[ Reply to This | # ]

Step Into My Parlor, Said the Spider to the Fly -- MS's Royalty-Free Protocol Licenses
Authored by: PolR on Monday, November 08 2004 @ 10:46 AM EST
This invitation to the parlor is not limited to the Royalty Free Lincense Agreement. There is also this license called MCPP for protocols that Microsoft actualy owns which is also a requirement for the anti-trust settlement. It is quite nasty.

[ Reply to This | # ]

Before there was SenderID there was XML schema licensing
Authored by: dyfet on Monday, November 08 2004 @ 10:48 AM EST
While people have only recently focused directly on the way Microsoft licensing practices under the "claim" of Royalty Free licensing effect free software, I had been dealing with this issue since last year.

At the time the Danish Government choose to use Microsoft XML schemas for providing and publishing information to the general public. When Microsoft released a "license" for using their XML formats, that license included terms such as requiring those who sign it to surrender their right to sue. It made some vague claim about patents much like the senderID license and many of their new licenses now do, and in addition to the free software incompatible lack of sublicensing found in the SenderID license, additionally claimed control of "field of use" of any XML content so encoded in their schema. This would have required that those who used the XML format, even to access or view content, that is, the national citizens of Denmark who would use their own government's public repository, to be licensed and hence similarly contrained in their rights as a result.

Needless to say, software patents are not at this time legally binding in Europe. However, those who had actually agreed to or signed such a license would of course be constrained by it's terms regardless of whether such patents exist or ever legally come into force or not in Denmark. Since at the time I was starting to write free software to enable blind accessability to e-government services, which would include things like speech rendering of XML government repositories, such as the Danish one, I saw the issue as one both of pure anti-trust (by European Union treaty definition, going back to the definition under the original Treaty of Rome, close as one gets to "constitutional" law at the European level) and as basic restraint of trade.

At the time I filed an anti-trust complaint with the office of the European Competition minister (Monty's tenure), although this proved a very difficult, frustrating, and largely futile effort in itself. I have learned some things which would have made it easier to accomplish this since then. However, one useful result was that by filing this complaint, it helped make it nessisary for one part of the Danish government to actually respond to this issue and provided a brief oppertunity for them to consider what they were doing to their own citizenry. In this I measure the effort of filing as partially successful, although I wish at the time I had both the time and resources to have persued the issue much further, especially seeing that now they continue trying to attach similarly disgusting terms on other things, such as SenderID, and their protocol licensing program. Microsoft licensing appears to me as one part vague threat that reminds me of the mob, and one part effort to preemtivily strip others of their legal rights.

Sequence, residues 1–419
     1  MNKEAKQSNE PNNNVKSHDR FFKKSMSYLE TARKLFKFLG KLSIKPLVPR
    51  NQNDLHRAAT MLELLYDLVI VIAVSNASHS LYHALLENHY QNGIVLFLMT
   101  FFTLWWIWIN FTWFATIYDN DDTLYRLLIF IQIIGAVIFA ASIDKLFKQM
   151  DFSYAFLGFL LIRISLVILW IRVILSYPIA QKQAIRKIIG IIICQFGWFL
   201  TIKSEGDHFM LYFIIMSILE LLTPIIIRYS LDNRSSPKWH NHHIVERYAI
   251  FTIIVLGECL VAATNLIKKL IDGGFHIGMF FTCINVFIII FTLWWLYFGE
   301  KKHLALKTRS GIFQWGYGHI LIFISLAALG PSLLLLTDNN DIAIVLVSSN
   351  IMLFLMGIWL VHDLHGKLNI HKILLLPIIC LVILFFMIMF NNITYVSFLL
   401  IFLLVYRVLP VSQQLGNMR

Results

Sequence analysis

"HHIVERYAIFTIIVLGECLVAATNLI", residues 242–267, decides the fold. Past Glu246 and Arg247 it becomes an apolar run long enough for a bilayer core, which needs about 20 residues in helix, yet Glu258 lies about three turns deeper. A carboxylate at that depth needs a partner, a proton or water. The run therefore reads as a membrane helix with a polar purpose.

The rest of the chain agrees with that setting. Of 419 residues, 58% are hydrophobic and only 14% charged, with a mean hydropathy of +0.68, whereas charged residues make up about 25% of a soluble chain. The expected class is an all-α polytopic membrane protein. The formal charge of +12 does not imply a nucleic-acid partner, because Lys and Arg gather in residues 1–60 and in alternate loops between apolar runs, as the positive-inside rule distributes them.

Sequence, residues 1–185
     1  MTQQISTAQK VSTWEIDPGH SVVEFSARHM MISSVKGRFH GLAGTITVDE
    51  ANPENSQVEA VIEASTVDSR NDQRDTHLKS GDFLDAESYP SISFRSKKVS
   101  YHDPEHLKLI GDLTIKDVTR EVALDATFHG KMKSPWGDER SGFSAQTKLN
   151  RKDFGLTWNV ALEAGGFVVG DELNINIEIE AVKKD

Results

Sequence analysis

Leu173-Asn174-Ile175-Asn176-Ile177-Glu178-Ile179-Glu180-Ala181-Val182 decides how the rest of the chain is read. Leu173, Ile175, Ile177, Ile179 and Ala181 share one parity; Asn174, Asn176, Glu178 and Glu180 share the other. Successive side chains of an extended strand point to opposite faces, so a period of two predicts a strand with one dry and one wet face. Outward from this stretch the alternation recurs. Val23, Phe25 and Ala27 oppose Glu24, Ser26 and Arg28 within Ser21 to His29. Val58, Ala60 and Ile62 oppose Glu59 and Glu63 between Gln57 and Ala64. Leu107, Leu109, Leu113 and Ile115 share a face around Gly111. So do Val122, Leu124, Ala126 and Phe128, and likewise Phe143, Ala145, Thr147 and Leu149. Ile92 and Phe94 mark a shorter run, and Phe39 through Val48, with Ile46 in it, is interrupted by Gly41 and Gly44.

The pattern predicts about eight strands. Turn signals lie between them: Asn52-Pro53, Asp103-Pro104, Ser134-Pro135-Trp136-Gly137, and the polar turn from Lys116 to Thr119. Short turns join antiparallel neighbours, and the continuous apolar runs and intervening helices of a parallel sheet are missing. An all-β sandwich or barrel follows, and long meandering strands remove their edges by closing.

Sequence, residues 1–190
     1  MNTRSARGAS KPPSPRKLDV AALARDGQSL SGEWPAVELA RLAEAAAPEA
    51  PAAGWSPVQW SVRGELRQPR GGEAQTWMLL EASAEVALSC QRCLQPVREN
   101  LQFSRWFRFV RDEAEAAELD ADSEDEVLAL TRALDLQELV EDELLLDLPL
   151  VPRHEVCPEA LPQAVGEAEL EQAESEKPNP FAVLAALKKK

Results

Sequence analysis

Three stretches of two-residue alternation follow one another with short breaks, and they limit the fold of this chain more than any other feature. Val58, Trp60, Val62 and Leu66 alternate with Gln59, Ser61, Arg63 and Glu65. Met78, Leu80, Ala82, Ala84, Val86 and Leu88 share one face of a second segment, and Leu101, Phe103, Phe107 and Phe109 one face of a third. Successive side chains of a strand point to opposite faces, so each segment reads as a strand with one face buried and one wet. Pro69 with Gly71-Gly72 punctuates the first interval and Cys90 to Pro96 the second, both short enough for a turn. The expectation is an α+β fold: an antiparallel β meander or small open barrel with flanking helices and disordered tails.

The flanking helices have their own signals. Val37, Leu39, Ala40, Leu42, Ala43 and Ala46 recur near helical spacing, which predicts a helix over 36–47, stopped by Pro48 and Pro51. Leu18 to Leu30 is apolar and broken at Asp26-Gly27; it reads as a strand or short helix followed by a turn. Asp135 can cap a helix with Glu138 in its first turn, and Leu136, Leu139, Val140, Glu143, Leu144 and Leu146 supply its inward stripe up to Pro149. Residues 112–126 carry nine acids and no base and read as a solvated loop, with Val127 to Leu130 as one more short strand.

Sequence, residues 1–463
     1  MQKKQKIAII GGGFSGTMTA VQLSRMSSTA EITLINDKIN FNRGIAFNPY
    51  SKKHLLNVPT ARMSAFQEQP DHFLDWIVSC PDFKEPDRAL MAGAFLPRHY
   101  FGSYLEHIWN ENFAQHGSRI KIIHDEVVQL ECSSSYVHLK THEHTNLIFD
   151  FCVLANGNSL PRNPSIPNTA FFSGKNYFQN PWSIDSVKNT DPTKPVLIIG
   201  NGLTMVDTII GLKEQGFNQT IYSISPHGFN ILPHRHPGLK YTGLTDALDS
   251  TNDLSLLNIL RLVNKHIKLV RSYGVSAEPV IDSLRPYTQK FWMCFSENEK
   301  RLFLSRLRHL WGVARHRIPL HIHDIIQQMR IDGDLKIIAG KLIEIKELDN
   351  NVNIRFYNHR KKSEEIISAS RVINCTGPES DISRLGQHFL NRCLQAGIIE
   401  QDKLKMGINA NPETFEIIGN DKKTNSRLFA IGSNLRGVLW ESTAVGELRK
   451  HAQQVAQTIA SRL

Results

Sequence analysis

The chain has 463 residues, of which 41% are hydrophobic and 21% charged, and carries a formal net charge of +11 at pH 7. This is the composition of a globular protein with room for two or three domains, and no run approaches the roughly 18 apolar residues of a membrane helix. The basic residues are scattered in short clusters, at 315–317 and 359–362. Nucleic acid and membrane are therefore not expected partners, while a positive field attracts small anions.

Since this site likes various documents, if anyone is really interested, I would be happy to put up a post in this thread of my original EU filing with the competition minister.

David

[ Reply to This | # ]

Sounds Like...
Authored by: resst on Monday, November 08 2004 @ 10:52 AM EST
What's mine is mine. What's yours is mine. So saith M$.

[ Reply to This | # ]

MS strategy: Don't Identify the IP -- So What's New?
Authored by: Anonymous on Monday, November 08 2004 @ 11:08 AM EST
Lets see, a good guess is that MS has trade secrets, compyrights, and patents to
license? Or not?

SCO all over again: sue first, disclose later, or maybe never - doesn't matter.


What a coinkydink.

[ Reply to This | # ]

Step Into My Parlor, Said the Spider to the Fly -- MS's Royalty-Free Protocol Licenses
Authored by: Anonymous on Monday, November 08 2004 @ 11:10 AM EST
First I see a call to action to or European Union. We in the US make suffer
extreme hardship if wait to be rescued by or the European part of our
community. We must support them and possibly more importantly support a US
campaign.

This Microsoft license offer seems to have some questionable legalites. First
they do not clearly list what intellectual property is covered. Secondlly the
threaten consequences for failing to adhere to conditions that one may not hope
to knowingly abaide. Third, they are an illegal monopoly, possibly misusing
their market position.

I don't hold out much hope for a deterent to Microsoft unless a deep pocket
advesary steps forward. We need to at least create enough concern amongst
legislators that Microsoft bears scrutiny.

I've seen a fair bit of discussion about what comprises a software patent here
so far

[ Reply to This | # ]

Step Into My Parlor, Said the Spider to the Fly -- MS's Royalty-Free Protocol Licenses